While I don’t agree with him on everything, I appreciate Andrew Sullivan and his outsider’s (British) perspective on American politics. His essay in the Sunday Times this past weekend, titled “Listen up, the president is not for turning” is no exception. And it has some common sense observations that all of us, conservatives and liberals alike, would do well to digest.
Money quote (for me):
…if you look at the state of American politics, you see Democrats refusing to restrain some of their worst spendthrift instincts and unable to pass an important bill even with the biggest majorities in both houses in years. And you see Republicans who have no economic proposals except cutting more taxes and have actually now begun — like the hapless Tories in the late 1990s — to defend the most expensive parts of the welfare state…
Call it the audacity of nihilism. You begin to wonder if the centre of America truly can hold, or if the passionate intensity of the worst of both extremes is combining to kill it off once and for all.
I can’t say I really agree with Sullivan’s characterization of Democrats as “refusing to restrain some of their worst spendthrift instincts” but he’s spot on in his statement about their inability to pass important legislation, legislation that has, at least until the right wing noise machine distorted it beyond all recognition, support of a majority of Americans.
In his talk to the GOPosaurs last week, the part that really grabbed my attention was when he discussed how disaparate factions have so demonized the other side that they have boxed themselves in, making compromise nearly impossible.
I mean, the fact of the matter is, is that many of you, if you voted with the administration on something, are politically vulnerable in your own base, in your own party. You’ve given yourselves very little room to work in a bipartisan fashion because what you’ve been telling your constituents is, this guy is doing all kinds of crazy stuff that’s going to destroy America.
And I would just say that we have to think about tone. It’s not just on your side, by the way — it’s on our side, as well. This is part of what’s happened in our politics, where we demonize the other side so much that when it comes to actually getting things done, it becomes tough to do…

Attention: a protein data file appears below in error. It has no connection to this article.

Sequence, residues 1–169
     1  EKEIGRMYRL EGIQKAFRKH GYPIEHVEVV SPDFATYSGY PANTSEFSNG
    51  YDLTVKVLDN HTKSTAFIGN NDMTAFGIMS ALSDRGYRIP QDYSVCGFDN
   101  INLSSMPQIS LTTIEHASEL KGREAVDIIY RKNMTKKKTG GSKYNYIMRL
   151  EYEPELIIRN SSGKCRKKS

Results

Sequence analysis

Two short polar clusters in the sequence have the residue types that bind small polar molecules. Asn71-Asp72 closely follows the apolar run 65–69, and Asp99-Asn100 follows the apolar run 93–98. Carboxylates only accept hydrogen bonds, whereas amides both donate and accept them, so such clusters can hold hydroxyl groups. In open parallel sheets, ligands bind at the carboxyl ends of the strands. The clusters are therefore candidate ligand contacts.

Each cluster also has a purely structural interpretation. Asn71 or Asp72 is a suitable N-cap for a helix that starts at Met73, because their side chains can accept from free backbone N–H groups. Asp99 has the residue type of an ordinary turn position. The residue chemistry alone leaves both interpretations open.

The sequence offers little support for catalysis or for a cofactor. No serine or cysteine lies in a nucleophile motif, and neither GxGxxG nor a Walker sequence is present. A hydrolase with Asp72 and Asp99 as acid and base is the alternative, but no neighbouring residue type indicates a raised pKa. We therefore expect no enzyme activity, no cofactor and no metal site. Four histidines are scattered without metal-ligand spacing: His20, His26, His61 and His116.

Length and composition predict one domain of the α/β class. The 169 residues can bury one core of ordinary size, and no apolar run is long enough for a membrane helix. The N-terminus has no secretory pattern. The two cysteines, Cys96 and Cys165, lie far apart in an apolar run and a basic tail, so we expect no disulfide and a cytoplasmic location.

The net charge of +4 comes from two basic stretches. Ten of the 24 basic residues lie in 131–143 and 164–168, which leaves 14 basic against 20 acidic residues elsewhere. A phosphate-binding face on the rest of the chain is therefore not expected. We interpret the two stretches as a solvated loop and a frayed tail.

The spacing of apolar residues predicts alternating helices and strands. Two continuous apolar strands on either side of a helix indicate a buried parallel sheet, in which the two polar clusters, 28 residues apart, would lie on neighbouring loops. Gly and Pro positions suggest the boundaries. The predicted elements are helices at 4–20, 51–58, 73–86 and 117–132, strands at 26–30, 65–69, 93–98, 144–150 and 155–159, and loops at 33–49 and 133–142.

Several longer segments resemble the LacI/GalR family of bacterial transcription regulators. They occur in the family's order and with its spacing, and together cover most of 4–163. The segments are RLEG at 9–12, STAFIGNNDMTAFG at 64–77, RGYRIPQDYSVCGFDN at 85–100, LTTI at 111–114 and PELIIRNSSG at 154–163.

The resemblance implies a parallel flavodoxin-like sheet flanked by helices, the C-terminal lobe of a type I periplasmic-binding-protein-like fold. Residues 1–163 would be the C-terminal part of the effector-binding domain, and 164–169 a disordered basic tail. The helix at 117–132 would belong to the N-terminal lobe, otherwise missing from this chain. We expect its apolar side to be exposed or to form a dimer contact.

[W]e’ve got to be careful about what we say about each other sometimes, because it boxes us in in ways that makes it difficult for us to work together, because our constituents start believing us. They don’t know sometimes this is just politics what you guys — or folks on my side do sometimes.
Sullivan characterizes President Obama as “a teacher entering a classroom with spit balls flying and desks crashing”, attempting to find some common ground where the two sides can work together. And it’s not just Republican vs. Democratic members of Congress he’s talking about. It’s the rabid right vs. the lunatic left in general (my words, not his) who have taken things to new extremes.
And he’s right. We have reactionaries on both sides and they drown out those who would find middle ground where we can move the ball down the field — inch by inch, foot by foot, yard by yard. We have made that process all the more difficult by painting charactures of our opponents, sometimes deserved, sometimes not.
But, at the end of the day, as Sullivan points out, Obama has shown this past week with his State of the Union address and his Q&A with the GOP that he is far from being done. He’s not giving up trying to achieve the things he campaigned on.
I do not know if Americans will respond to Obama’s reasoning, or if the short-term political posturing will dissipate. In the depressed economic climate, where tempers are high and anxiety is endemic, the odds of Obama succeeding seem remote. But what came through last Wednesday night, past the gentle conversational tone, was a determination to stay the course he set out in the campaign. “We don’t quit. I don’t quit” was his version of “the lady’s not for turning”…
[T]hose who think this presidency is over are missing something. It is not just about Obama. It is about America at this particular moment in time. There’s a reason he was elected; and I have a feeling he reminded people of it last week. For all their legitimate anxiety, anger and bolshiness, my bet is they will not forget who is the only one acknowledging the depth of the crisis and proposing a way forward.
I hope and pray Sullivan is right.
I’m just sayin’…